Big Max pumpkins grow a bit smaller than Atlantic Giants. These bright orange giant pumpkins mature at around 100 pounds and maintain a rounded, slightly flattened shape.
Though Big Max is primarily used for carving and decoration, it can also be considered a pie pumpkin. Its thick, sweet, yellow-orange flesh is excellent for cooking and baking.
Decorative Pumpkin Varieties
Decorative pumpkin varieties are those cultivated primarily for ornamental use. Diverse, colorful, and sometimes showy decorative pumpkins are easy to use as simple, elegant fall and winter decorations. Smaller ones make perfect wedding or holiday table centerpieces, too.
Casperita pumpkins are half to one-pound mini pumpkins with snowy to off-white skin and sturdy green handles. These adorable pumpkins have slightly sweet white flesh with a similar taste to acorn squash. They’re also the perfect size for roasting in halves. Try this maple-roasted squash recipe with your Casperita pumpkins for a unique and beautiful, savory-sweet holiday side dish.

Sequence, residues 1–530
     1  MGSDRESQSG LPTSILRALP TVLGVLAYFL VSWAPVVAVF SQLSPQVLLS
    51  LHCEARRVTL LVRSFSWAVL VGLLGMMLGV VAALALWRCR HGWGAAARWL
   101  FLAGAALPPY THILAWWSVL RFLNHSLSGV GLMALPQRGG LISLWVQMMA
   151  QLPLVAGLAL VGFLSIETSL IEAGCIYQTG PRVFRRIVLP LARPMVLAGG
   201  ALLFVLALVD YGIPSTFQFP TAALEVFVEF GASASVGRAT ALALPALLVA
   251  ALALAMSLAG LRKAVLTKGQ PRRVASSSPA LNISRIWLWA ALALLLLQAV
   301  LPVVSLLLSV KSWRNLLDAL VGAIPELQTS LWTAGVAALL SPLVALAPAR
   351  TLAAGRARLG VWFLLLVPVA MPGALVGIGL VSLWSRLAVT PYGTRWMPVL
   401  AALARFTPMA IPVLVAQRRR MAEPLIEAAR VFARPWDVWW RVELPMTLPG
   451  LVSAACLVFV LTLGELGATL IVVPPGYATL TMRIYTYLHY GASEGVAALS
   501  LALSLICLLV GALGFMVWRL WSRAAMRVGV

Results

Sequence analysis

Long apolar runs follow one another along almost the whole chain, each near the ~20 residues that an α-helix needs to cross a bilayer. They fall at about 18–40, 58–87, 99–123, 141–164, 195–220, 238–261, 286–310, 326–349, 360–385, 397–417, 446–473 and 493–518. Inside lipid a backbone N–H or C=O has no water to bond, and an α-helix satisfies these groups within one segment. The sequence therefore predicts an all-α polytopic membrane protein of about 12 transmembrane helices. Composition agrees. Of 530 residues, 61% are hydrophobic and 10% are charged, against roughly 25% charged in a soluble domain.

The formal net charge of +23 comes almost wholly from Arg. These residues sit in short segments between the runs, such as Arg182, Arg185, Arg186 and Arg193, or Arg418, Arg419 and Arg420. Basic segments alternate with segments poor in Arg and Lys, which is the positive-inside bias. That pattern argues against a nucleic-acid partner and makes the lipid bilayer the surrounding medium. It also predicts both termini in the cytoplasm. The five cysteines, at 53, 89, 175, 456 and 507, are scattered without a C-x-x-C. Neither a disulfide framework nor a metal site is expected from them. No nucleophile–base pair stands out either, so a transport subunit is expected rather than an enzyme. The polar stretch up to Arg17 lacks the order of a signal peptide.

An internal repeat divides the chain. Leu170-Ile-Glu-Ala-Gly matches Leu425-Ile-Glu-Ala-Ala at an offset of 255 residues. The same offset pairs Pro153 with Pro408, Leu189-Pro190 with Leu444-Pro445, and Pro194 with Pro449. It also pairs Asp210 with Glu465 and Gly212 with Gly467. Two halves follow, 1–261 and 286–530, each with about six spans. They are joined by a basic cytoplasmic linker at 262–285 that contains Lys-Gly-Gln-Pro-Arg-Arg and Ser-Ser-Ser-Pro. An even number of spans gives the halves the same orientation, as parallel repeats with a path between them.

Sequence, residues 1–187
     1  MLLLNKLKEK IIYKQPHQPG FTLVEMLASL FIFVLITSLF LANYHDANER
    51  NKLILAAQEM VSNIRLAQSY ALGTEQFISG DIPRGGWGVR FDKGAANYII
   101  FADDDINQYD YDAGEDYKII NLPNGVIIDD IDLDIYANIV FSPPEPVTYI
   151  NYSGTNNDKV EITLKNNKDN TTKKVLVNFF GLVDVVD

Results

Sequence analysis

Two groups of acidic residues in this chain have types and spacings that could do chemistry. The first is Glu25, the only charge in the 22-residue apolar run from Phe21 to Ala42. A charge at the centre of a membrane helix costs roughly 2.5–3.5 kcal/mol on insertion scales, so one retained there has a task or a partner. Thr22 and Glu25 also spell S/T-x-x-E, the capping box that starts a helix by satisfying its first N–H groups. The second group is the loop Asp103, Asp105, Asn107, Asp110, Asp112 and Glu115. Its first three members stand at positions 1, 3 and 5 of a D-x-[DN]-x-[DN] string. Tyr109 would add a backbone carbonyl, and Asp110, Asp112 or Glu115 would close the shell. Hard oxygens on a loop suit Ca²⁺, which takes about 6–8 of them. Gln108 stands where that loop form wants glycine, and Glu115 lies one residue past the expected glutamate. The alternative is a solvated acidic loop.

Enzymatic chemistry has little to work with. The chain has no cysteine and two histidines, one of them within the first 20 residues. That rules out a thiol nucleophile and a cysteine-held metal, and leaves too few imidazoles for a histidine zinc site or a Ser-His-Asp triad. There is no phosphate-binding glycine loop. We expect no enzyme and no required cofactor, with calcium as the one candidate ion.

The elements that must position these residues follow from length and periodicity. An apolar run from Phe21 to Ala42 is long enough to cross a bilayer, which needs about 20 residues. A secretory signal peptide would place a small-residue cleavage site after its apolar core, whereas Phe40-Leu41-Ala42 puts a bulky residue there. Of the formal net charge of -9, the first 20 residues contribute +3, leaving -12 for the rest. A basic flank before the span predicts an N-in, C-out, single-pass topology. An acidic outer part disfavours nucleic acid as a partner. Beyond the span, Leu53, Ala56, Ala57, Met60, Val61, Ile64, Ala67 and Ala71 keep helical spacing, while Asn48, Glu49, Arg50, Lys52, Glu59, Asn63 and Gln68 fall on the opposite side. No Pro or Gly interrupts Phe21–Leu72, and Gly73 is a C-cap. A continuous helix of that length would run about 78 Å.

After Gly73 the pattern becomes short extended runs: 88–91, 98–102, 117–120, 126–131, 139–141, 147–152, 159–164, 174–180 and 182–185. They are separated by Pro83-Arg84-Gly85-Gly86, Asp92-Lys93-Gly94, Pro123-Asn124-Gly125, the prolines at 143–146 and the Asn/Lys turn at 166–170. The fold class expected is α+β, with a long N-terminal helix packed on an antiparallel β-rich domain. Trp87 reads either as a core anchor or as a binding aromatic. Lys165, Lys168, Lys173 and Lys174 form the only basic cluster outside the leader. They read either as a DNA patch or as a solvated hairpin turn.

Looking for a show-stopping decorative pumpkin? Check out the Turk’s Turban pumpkin.
With their sculptural shapes and painterly displays of fall colors, these unique heirloom pumpkins are true works of art. Most are deep orange to red-orange around the base, with green, white, yellow, and silver striations on their distinctive blossom-end buttons.
Turk’s Turban pumpkins grow to about five to seven pounds. Their golden-orange flesh is also edible and best suited for savory squash recipes.
Wrapping Up Pumpkin Varieties
Now you know all about pumpkin varieties! Next, check out our guide to growing pumpkins for everything else you’ll need to know to start growing pumpkins like a pro.
- About the Author
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Ashley Lystne is a writer for Minneopa Orchards, a fiction author, and creator of interactive novel choice games. She has a bachelor’s degree in English and an MFA in Creative Writing. Ashley tried out living in just about every major city in America before settling down in Washington state, where she currently resides.
A lifelong vegetarian passionate about growing her own food, Ashley also has a local side hustle cultivating and selling ornamental house plants. She loves contributing to Minneopa Orchards, where she can share her passion for all things plants and gardening.